Genetically Modified Mosquitoes Win FDA Approval to Fight Zika

gm mosquitoes and zika

As health officials predicted, the Zika virus is beginning to spread across south Florida, and now a type of genetically modified (GM) mosquito designed to fight the virus has been approved by the Food and Drug Administration (FDA). [1]

While the threat of being infected with the Zika virus is still considered low in the United States, residents of an area just north of Miami are on edge after it was revealed that mosquitoes, rather than humans, have begun transmitting the illness to people there.

Last week, the Centers for Disease Control (CDC) warned women who are pregnant or planning to become pregnant and their partners to steer clear of the Wynwood neighborhood north of downtown Miami after more than a dozen people had been infected with Zika there by mosquitoes.

Prenatal exposure to Zika has been shown to cause microcephaly, a rare birth defect, in children.

On August 5, the FDA announced it had approved a field test of GM mosquitoes to help combat the Zika virus.

The Aedes aegypti mosquitoes are engineered by Oxitec Ltd. so that their offspring die before they can reproduce. [2]

FDA Gave Preliminary Approval Earlier this Year for GM Mosquitoes

The FDA gave Oxitec preliminary approval earlier this year to conduct a field test and to deploy its OX513A mosquitoes in Key West. (The agency was awaiting public comment before formally approving the test.) [1]

The approval was based on the findings of a newly released environmental assessment that concluded the genetically engineered mosquitoes would “not have significant impacts on the environment.”

Before the field test can begin, Oxitec must first gain approval from the Florida Keys Mosquito Control District, which will be polling residents later this fall.

Such field tests have already been conducted in Brazil, the Cayman Islands, and Panama, where a 90% reduction in local mosquito populations was reported. The Florida Keys Mosquito Control District has had just a 30-60% success rate using traditional control methods, such as spraying insecticides from trucks and planes, and mosquito traps.

Many people have deep concerns about GM mosquitoes. Oxitec has said there are no “practical risks” posed by the mosquitoes, but it takes years for the effects of genetic modification experiments to be fully realized.

The Fears of GM Mosquitoes

You see, Oxitec, uses the antibiotic tetracycline as a chemical switch for the genetic killing mechanism in its GM mosquitoes, Dr. Helen Wallace, director of GeneWatch UK, told The New York Times in February 2015. One of the very real, very frightening dangers of releasing these genetically engineered insects is that they could spread antibiotic-resistance bacteria into the environment, posing a risk to human health.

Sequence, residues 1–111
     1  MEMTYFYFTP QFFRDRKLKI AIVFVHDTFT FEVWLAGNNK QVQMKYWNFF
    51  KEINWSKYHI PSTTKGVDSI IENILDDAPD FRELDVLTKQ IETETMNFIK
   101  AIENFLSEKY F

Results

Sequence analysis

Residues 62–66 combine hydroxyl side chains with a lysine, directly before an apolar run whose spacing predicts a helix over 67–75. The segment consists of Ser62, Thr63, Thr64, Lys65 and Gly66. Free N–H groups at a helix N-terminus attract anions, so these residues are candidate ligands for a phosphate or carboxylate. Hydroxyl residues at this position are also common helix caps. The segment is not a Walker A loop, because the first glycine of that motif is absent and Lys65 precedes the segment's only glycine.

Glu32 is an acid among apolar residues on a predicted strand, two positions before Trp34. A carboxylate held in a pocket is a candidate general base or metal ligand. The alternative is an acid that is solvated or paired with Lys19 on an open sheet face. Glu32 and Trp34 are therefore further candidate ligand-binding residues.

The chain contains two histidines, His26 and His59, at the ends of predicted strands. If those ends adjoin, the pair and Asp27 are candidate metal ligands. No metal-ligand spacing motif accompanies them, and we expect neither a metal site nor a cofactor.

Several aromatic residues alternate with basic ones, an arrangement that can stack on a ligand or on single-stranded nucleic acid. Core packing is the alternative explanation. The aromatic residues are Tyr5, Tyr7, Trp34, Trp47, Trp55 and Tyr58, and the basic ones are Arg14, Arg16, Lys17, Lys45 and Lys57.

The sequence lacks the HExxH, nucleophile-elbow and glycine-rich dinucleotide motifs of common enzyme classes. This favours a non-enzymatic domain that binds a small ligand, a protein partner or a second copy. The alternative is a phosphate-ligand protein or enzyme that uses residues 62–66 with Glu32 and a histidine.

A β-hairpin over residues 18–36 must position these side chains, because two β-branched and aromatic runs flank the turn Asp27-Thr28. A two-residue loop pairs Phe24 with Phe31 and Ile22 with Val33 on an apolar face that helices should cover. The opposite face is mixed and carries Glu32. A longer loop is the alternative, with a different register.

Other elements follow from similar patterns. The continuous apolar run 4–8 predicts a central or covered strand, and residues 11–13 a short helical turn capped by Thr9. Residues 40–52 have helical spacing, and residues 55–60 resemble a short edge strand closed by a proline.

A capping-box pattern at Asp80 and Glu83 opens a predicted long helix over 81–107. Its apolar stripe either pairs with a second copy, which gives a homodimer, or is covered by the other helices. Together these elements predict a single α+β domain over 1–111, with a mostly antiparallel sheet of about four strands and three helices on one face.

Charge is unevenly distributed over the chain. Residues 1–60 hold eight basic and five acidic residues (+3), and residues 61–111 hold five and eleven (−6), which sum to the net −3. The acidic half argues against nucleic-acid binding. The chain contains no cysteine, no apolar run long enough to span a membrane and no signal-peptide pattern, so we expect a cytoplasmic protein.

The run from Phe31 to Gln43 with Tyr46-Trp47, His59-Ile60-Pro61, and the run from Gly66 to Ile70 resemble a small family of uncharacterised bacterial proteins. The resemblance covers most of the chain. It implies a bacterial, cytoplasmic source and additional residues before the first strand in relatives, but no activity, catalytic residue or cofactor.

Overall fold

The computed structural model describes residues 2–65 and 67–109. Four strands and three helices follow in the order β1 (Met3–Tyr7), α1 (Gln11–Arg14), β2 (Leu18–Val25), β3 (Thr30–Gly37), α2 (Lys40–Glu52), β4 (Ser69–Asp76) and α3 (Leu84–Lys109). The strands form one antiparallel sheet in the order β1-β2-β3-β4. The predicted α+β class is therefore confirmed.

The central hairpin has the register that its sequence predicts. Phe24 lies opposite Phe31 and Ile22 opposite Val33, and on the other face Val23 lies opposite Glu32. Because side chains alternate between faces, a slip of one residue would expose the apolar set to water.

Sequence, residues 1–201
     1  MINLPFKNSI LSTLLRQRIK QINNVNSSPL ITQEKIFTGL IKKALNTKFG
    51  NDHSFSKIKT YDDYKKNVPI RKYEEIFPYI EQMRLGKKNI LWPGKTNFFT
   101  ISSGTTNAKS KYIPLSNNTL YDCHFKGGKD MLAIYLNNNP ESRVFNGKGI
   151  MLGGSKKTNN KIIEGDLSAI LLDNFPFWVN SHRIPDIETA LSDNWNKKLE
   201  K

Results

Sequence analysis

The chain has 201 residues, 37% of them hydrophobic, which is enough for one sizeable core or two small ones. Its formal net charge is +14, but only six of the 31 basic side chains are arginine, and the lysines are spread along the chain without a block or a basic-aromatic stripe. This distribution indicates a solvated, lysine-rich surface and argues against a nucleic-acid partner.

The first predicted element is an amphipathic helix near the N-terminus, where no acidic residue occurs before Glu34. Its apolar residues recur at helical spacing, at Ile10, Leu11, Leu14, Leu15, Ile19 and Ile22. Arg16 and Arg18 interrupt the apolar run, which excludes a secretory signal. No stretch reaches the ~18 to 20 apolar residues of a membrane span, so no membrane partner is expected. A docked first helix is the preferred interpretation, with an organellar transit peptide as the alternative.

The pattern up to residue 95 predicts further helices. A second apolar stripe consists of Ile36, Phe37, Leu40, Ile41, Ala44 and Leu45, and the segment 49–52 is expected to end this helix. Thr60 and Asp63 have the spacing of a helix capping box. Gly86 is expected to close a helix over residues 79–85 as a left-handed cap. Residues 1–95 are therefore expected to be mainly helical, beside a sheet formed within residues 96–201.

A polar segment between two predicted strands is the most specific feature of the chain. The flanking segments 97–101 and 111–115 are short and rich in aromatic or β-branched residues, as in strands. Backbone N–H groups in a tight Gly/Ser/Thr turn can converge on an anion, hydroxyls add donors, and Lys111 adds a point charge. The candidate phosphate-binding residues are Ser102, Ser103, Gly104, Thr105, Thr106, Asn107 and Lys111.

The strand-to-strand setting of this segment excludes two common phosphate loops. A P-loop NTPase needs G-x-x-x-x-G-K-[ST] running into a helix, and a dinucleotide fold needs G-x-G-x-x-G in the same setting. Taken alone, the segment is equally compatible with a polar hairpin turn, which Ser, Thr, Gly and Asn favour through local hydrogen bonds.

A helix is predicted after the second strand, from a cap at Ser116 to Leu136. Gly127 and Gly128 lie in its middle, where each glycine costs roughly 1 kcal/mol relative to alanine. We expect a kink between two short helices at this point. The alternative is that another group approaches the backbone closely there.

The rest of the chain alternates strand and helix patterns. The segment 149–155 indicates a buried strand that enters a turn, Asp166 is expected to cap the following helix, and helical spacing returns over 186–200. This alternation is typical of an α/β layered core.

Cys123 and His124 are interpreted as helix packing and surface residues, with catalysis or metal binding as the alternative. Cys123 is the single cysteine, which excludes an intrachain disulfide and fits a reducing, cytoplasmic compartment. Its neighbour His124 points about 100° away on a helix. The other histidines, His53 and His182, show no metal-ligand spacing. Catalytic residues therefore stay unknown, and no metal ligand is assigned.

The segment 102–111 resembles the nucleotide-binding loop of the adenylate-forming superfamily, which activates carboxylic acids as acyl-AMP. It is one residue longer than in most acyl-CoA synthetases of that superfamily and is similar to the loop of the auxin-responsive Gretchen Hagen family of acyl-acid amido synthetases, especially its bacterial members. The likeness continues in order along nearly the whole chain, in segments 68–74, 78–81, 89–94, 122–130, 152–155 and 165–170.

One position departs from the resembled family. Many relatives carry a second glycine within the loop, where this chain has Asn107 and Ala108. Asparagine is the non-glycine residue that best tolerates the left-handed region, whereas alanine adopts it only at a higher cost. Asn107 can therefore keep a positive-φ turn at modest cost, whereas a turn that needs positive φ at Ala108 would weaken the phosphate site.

In the U.S., veterinary use of tetracycline has been phased out, and it is already banned in many countries.

Read: Genetically Modified Insect Factories – A New Source of Superbugs?

Additionally, according to GeneWatch UK, some of Oxitec’s claims regarding the effectiveness of using its GM mosquitoes are questionable.

In Key Haven, a suburb near Key West where the trial would take place, many residents have erected signs declaring “no consent” to the release of the GM mosquitoes. [2]

Kathryn Watkins, a Key Haven resident recruited by trial opponents, is seeking election to the board overseeing the Florida Keys Mosquito Control District. She said:

“It just has everyone scared. The genetically modified male has to mate with a wild female, and the wild female has to bite us in order to lay eggs.”

Watkins said residents see themselves as unwilling test subjects. She added:

“They are using us in this trial without consent.”

Oxitec Chief Executive Hadyn Parry said he will ask the FDA for an emergency-use authorization that would make the mosquitoes available to help combat Zika in the U.S.

That’s not likely to happen, said FDA spokeswoman Theresa Eisenman, because there is no “fast-track” designation for new animal drugs, and emergency-use provisions in the applicable law do not apply to animal drugs.


[1] The Verge

[2] The Huffington Post